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Rizwan
09-04-2018, 12:44 PM
Hi

How do I set up a glass surface in LightWave 2018.0.6?

Rizwan

RPSchmidt
09-04-2018, 02:16 PM
Hi

How do I set up a glass surface in LightWave 2018.0.6?

Rizwan

1. Select your object (or the polys that you want to apply the glass surface to).

2. Click Set Surface at the bottom of the Modeler interface.

3. In the Change Surface dialogue, change the name of the surface to something descriptive; Glass, Glass window, etc.

4. For this purpose, don't worry about changing the other settings. Just click "OK". When you create a wholly custom surface, you will need to review these settings and many others.

5. Open the Surface Editor panel.

6. Select your surface in the left side of the Surface Editor (if you changed the name, you should see two surfaces in the editor; Default and the new surface you created with the name you chose).

7. In this case, for the sake of speed, we will use a preset. With the Surface Editor panel selected, press F8. The Preset panel should open.

8. At the top of the Preset panel is a drop down list. Choose Built In > Glass and you will have a selection of glass surfaces available. Double-click the glass type you want to use and a dialogue will pop up that asks if you want to load that preset. Click OK.

Now the object or polys you selected should have the glass surface on them. Be aware that the glass surface won't look like much without something in the scene to reflect; a background or other objects.

Check out the Lightwave 2018 documentation for more detailed information.

https://docs.lightwave3d.com/display/LW2018/Surface+Editor

MonroePoteet
09-04-2018, 02:33 PM
LW2018 uses a radically different method of surfacing and rendering, surfaces being mostly "Principled BSDF" which hypothetically simulates real-world materials, and "Physics Based Rendering" (PBR), which hypothetically simulates the real-world interaction of Light with materials, volumetrics, environment, etc.

For a lot of Surfaces, you can go back to the LW2015 or earlier method of surfacing by changing the Material type to Standard (as Tim Parsons suggested in the Brick image mapping thread). HOWEVER, in their infinite wisdom, LWDG has completely removed (as far as I can tell) the LW2015 and earlier Surface Editor tab called "Shaders" in the Standard material, which included shaders that I personally used all the time such as Fast Fresnel, Edge Transparency, Thin Film etc. So trying to get a Glass surface with a Standard material in LW2018 may be difficult.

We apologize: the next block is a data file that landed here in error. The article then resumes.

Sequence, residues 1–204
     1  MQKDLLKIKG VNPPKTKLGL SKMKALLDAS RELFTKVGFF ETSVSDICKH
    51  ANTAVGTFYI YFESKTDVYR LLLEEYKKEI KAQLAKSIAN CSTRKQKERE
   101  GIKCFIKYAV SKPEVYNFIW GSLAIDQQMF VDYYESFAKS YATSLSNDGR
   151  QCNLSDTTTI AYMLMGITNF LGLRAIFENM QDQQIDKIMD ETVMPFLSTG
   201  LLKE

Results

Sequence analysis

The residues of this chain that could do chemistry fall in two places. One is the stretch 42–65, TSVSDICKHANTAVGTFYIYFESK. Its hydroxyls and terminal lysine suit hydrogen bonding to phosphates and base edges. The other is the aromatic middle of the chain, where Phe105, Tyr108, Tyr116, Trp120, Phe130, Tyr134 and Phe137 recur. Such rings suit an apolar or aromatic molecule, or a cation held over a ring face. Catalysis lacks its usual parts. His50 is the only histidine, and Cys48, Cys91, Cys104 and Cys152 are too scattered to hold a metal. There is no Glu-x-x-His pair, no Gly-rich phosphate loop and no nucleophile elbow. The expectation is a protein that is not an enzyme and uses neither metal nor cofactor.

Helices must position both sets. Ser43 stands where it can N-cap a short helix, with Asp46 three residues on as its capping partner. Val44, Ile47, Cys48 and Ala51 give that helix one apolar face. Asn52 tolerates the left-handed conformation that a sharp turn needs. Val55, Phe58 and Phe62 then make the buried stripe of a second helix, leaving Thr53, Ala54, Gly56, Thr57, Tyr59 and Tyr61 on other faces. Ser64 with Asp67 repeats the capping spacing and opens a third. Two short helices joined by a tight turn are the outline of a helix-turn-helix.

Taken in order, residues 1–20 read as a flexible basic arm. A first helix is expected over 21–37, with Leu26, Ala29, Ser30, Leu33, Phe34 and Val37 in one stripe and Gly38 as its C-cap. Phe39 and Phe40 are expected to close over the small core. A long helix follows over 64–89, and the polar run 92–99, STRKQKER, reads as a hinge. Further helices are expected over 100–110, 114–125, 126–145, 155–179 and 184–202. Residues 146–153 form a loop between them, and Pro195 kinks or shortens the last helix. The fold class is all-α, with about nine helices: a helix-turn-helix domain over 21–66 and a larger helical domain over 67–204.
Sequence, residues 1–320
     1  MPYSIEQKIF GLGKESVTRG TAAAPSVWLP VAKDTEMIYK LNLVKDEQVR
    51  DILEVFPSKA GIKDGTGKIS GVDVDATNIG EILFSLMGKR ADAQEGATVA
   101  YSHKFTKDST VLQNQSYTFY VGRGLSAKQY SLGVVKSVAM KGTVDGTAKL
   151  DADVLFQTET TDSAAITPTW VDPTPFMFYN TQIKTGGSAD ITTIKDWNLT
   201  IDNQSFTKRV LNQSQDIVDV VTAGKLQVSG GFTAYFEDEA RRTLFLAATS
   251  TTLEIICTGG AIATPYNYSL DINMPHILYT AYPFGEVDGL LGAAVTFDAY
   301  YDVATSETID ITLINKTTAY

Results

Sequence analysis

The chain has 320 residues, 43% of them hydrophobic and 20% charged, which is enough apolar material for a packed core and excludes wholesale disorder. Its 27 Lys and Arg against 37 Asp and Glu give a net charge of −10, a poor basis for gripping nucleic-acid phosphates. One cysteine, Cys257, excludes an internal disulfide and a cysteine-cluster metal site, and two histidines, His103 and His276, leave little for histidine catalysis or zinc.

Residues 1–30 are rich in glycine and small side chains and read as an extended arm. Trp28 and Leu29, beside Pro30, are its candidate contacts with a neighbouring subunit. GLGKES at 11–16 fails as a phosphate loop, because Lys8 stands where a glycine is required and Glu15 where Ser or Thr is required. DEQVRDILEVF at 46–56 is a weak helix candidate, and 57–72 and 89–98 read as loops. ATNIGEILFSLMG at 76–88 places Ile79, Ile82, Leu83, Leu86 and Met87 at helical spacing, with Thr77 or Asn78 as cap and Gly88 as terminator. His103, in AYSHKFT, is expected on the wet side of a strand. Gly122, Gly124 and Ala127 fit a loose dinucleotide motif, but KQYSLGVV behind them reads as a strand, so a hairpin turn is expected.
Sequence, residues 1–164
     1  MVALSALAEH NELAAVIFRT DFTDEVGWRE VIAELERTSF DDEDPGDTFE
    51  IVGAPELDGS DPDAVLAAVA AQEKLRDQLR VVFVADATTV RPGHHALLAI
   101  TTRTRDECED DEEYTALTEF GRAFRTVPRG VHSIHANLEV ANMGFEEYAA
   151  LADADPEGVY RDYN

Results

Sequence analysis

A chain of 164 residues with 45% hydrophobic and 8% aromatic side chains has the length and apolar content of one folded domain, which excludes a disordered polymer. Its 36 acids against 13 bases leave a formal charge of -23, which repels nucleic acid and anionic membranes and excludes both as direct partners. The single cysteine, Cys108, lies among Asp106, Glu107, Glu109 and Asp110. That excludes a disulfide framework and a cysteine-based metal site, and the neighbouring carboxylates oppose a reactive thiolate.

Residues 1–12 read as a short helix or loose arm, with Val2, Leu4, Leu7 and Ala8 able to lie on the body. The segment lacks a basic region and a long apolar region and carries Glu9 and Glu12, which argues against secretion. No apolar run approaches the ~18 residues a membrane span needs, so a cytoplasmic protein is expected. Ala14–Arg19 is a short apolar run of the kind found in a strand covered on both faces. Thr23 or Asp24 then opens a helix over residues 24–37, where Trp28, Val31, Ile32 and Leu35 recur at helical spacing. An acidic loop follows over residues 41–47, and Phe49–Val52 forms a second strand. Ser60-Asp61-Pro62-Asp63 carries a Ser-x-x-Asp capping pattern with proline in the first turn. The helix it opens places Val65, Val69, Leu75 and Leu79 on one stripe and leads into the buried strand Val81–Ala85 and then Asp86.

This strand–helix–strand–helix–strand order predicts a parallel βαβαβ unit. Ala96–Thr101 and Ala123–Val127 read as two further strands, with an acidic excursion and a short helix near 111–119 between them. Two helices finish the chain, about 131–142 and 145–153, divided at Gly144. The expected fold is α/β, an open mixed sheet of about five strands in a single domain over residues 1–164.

I've ended up using a Google search on the LW2018 documentation very regularly to try to find methods in LW2018 to create effects that I've known and used for 20+ years in LW2015 and prior. For example, doing a Google search on "LW2018 glass" results in the first entry being a Google pointer to this page:

https://docs.lightwave3d.com/display/LW2018/Dielectric

As RPSchmidt indicates, you can use the Preset Shelf from the Surface Editor to load some presets, but it may be worthwhile to learn the underlying "base" materials, such as Dieletric, Metallic, CarPaint, Standard, etc. The Hulk images at the top of this page:

https://docs.lightwave3d.com/display/LW2018/Getting+Started+with+Surfacing

shows a small example of each "base" Material.

mTp

Revanto
09-04-2018, 07:21 PM
I always thought that the old method was to have a glass surface and then a copy of the mesh with the normals flipped and slightly shrunk which would end up being the 'air' surface. That's how I use to do it with glass and gems but maybe that is too old school. I think that the current PBR shaders should be able to handle glass surfacing with just the one 'layer' of your model.

Revanto :p

Tobian
09-05-2018, 01:37 AM
The old method hasn't applied since lw 9.5 or 9.6...

The dielectric material, or 100% transparent pbsdf work exactly the same, very easy. Set an absobtion colour, set your absorption depth (How far till it becomes that colour) set a roughness value above 0, done...

Shaders conflict and interfere with nodal shaders, and the standard physically based materials should suit 99% of your needs, and are easier to use than the old ones.

Tim Parsons
09-05-2018, 10:47 AM
In most cases you can just apply the dielectric material and call it a day. But you can also use the Principled BSDF to dial in a specific glass look too. That is the nice thing about the new system - it is so easy to get the look you are after!